An article from Inside Higher Education (Lisa Lebduska’s “The Facebook Mirror”) led to an animated and instructive discussion on the WPA listserv during the last few days—about the pitfalls and potential of Facebook, about student writers and their audiences, and about teachers’ responsibilities to foster both old and new literacies.
We have all heard much criticism of Facebook and other social networking sites, which—according to their critics—are “dumbing down” their users. And certainly we can find examples of the jejune, the banal, the utterly narcissistic (hence the mirror analogy) on these sites. But I think it is a mistake to paint all social network sites and the conversations they contain with the same brush. Indeed, I see many counter examples produced by young writers I know: the high schooler who posts really tough questions daily and demands that others engage them; the undergraduate traveler who posts achingly bleak descriptions of the Indian hospital where he is volunteering for two months; the working mom who has built a support network for others like her who are juggling parenting, work, and school.
Social networking sites are, then, what their writers make of them. They are also spaces for writers to engage audiences of all kinds, to come into contact with people of widely differing backgrounds and assumptions. My research suggests that students are highly aware of and sensitive to such audiences: they know that their messages must be shaped to different readers, especially those they want to engage in further conversation. So if Facebook is a mirror, it is a really big one. Look in it and you can see not only yourself but all those others you are both addressing and invoking.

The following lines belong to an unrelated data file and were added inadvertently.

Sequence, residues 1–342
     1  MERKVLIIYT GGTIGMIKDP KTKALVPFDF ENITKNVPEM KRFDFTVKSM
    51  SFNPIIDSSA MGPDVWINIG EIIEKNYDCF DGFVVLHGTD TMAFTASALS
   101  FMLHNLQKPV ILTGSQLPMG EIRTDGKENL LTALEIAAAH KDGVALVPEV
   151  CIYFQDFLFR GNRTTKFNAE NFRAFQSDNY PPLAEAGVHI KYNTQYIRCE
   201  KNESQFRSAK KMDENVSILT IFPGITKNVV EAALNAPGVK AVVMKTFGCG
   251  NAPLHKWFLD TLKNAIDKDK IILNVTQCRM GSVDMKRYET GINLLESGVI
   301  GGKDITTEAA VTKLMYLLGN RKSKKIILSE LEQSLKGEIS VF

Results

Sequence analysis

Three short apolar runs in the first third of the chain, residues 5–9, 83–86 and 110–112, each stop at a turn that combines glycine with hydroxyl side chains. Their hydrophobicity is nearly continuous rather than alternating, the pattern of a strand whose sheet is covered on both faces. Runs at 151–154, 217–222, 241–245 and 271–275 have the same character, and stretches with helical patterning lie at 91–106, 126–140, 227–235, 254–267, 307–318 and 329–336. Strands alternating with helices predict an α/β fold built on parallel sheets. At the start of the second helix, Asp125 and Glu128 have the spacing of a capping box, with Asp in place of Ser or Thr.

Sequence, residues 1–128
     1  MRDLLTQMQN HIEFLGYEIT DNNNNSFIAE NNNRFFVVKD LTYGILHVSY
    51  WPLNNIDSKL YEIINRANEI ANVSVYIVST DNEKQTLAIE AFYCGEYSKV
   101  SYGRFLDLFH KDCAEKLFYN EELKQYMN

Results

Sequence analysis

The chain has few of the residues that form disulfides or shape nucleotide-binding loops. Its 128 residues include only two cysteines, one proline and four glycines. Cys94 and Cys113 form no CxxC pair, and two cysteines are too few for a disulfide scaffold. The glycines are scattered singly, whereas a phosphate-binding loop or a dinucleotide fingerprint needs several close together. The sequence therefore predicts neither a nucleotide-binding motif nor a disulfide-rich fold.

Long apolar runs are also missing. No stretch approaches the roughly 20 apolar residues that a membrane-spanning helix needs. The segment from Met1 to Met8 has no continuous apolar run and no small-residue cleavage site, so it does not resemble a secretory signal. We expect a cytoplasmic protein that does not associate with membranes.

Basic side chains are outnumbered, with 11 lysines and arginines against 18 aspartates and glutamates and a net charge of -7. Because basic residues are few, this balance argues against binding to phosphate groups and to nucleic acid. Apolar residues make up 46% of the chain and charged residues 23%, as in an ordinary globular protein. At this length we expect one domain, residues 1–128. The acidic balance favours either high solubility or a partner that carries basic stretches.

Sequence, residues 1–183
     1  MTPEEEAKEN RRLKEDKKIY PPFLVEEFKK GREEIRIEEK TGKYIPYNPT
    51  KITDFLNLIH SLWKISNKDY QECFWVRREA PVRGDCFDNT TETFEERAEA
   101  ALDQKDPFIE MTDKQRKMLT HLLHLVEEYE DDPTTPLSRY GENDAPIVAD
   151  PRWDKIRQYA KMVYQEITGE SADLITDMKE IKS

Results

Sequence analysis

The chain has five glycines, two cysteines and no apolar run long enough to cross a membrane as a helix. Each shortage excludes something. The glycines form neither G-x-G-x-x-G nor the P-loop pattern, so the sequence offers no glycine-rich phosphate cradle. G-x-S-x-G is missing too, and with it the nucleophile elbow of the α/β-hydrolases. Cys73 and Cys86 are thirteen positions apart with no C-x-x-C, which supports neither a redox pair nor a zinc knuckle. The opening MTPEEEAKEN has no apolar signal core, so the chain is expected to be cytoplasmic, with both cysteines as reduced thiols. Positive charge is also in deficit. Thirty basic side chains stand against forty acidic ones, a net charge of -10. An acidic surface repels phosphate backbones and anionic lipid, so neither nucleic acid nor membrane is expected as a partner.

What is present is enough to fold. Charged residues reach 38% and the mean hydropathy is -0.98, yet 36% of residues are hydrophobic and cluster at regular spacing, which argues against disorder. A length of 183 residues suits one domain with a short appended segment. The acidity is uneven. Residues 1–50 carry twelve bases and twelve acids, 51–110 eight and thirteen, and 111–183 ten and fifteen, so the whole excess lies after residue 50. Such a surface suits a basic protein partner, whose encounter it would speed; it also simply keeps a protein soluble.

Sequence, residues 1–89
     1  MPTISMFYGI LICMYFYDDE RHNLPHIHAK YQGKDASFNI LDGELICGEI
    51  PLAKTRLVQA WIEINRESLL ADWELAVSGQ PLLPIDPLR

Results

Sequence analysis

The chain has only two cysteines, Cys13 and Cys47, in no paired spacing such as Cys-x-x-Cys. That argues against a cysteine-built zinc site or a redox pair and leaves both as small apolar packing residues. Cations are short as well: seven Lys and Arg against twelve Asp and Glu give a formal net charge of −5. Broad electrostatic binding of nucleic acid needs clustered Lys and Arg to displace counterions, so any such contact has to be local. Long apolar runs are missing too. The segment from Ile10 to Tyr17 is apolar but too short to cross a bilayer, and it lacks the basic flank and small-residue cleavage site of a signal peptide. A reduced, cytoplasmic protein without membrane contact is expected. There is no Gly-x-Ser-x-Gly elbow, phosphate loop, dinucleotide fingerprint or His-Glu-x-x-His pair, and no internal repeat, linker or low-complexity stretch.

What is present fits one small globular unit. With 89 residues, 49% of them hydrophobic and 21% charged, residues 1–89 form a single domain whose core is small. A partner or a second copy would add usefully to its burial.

Toward the end of her essay, Lisa Lebduska urges teachers to find ways for their students to “know and consider” their diverse readers. “How often,” she asks, “do we ask students to hear, read and truly understand a viewpoint different from their own? How often do we expect them to think of someone, anyone, other than themselves? The ability to imagine a perspective other than our own — the idea of an audience consisting of curious minds rather than adoring fans — defines our most effective writers.” Considering varying perspectives and counterarguments is a fundamental hallmark of rhetoric and rhetorical instruction, and most of the writing programs I know of that have a rhetorical foundation engage students in these activities as a central part of the writing process. I’m encouraged to see that such a basic rhetorical principle is as applicable to student writers in the 21st century as it was two millennia ago—and that it can help guide those writers in any writing space—including Facebook.